Michael K. Shaub, February 10th, 2010
With Mark McGwire apologizing for his steroid use recently, I thought it would be appropriate to address the subject of saying “I’m sorry.” Years ago I expressed my view that a major gap in the implosion of Andersen after Enron was that they had never actually apologized. So kudos to Mark McGwire for coming out and saying he actually did it, albeit at least four, and perhaps ten, years too late.
However, his explanation seems a little less than forthcoming, in that he characterizes his use as only designed to maintain his health. It reminds me of the explanation offered by his companion both in the 1998 record home run chase and at the Congressional hearings, Sammy Sosa. In 2003, when there were already whispers about steroid use, Sosa’s bat cracked unexpectedly in a game and was discovered by the umpires to be corked. Caught with irrefutable evidence about his cheating to gain an advantage, he referred to it as a “mental mistake.”
As I said in an article at the time, mental mistakes do not bring into question integrity, but competence. In baseball that might include throwing to the wrong base or forgetting how many outs there are. But the questions with Sosa’s actions, and McGwire’s, are all about integrity.
The apology for issues of integrity is entirely different from the apology for issues of competence. I will sometimes have students apologize to me for their performance on an exam. I respect these apologies, but for the most part they are unnecessary, unless they are used by students to motivate themselves to give a better effort in preparing for the next exam. However, if a student apologizes for an issue of integrity in my class, it matters how that apology is expressed.
I have on many occasions apologized to my wife for my incompetenceâ€”in home repairs, car repairs, investments, you name it. Acknowledging my failure is usually more than sufficient to satisfy my wife, and often she does not even require that. I am guessing that for Tiger Woods simply saying, “Hey, I’m sorry, I messed up” was not sufficient.
So what should an apology look like for issues of integrity? My first piece of advice is to avoid, if at all possible, progressive revelation. McGwire’s confession to Bob Costas appears to be the kind of halfhearted trickle of information that often leads to a feeding frenzy as other reporters build a case for there being more to the story. And there are always the Jose Cansecos of the world around to fill in the details.
Second, the reason for the eventual confession ought to be acknowledged. These confessions are virtually always delayed until after some event that triggers the need to say something. In McGwire’s case, he not only received fewer Hall of Fame votes this year than Tim Raines, but he has been hired as the hitting coach for the St. Louis Cardinals, who are unlikely to be happy if he is a spring training sideshow. If these are not the reasons, why did he wait until now to apologize? These apologies ought to be prefaced with a simple acknowledgement that the time was right for specific reasons.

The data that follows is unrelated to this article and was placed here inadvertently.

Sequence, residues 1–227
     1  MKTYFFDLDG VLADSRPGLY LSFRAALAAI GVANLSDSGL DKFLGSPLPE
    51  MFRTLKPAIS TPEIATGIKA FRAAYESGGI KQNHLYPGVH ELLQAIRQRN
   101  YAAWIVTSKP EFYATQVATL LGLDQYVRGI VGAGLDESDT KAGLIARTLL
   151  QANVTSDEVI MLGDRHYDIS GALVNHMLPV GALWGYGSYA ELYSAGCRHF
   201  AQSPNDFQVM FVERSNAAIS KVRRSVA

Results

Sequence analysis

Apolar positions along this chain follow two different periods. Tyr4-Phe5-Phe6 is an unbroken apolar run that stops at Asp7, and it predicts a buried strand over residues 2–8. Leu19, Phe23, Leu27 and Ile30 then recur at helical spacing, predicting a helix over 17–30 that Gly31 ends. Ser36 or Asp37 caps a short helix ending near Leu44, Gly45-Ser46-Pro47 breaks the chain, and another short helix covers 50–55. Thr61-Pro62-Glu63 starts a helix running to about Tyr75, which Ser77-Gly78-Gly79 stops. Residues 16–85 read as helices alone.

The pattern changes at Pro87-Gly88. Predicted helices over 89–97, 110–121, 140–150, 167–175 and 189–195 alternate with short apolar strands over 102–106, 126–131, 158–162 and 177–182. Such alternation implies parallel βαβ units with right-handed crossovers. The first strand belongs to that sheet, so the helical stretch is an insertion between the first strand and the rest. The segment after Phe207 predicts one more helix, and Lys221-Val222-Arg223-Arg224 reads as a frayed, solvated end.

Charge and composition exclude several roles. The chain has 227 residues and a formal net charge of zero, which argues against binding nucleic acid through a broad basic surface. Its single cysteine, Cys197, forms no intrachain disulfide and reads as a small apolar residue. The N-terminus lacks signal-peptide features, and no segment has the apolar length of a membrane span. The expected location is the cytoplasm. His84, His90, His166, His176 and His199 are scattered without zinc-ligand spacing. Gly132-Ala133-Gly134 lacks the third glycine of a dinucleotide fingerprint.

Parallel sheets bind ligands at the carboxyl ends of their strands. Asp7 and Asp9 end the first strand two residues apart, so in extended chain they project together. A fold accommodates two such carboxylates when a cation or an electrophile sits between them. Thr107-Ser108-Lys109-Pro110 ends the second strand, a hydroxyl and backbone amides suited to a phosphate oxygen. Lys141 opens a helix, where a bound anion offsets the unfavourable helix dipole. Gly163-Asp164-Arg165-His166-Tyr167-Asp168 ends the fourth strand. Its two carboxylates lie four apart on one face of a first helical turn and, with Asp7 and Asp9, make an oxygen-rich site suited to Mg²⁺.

Third, there ought to be visible evidence of a changed heart. By this, I am not referring to the crocodile tears that seem prevalent when revelations are made. But when people get the sense that the confessor would do it all over again, given the chance, there is no hope of repairing a reputation. Even Pete Rose’s strongest supporters for entry into the Baseball Hall of Fame would be unwilling to bet their fortunes that, given the same set of circumstances, he would avoid the kinds of gambling he engaged in.
Fourth, there can be no residual attacks on those who have raised the issues. This has to be especially hard for people like McGwire, who is faced with continuing assertions that he was injected with steroids by Jose Canseco, one of the most unlikable truth-tellers in modern sports history. Of course, this attacking behavior is often part of the legal defense team’s strategy if there are still issues being addressed in court. But when you are apologizing for integrity failures, no one wants to hear you blame others.
And, as hard as it is, embrace the consequences of your action in a way that will lessen the chance that you make that choice again. My son’s first hero, when he was a five-year-old baseball player on the Rookie Cardinals, was “Mark-uh McGwire.” We have a picture together in our uniform shirts taken from the back, like the old Maris and Mantle pictures, and he wears that number 25 so proudly.
Today, he only winces when I mention the name McGwire. Mark McGwire will never see that, just as CEOs like Ken Lay and Dennis Kozlowski are often insulated from the betrayal of trust felt by investors and employees. But coming face-to-face with the consequences of a trust betrayal is often the most powerful deterrent to repeating the behavior.
Life is always better if you can avoid integrity failures, but it is relatively certain that most of us, from time to time, are going to fall short and need to say, “I’m sorry.” Being up front about what we have done and communicating a genuine rejection of the values that led us to fail are important. Leave the opinions about others’ culpability to others. And, as painful as it is, face up to the impact. It is the shortest route to refining character.
Categories: Bottom Line Ethics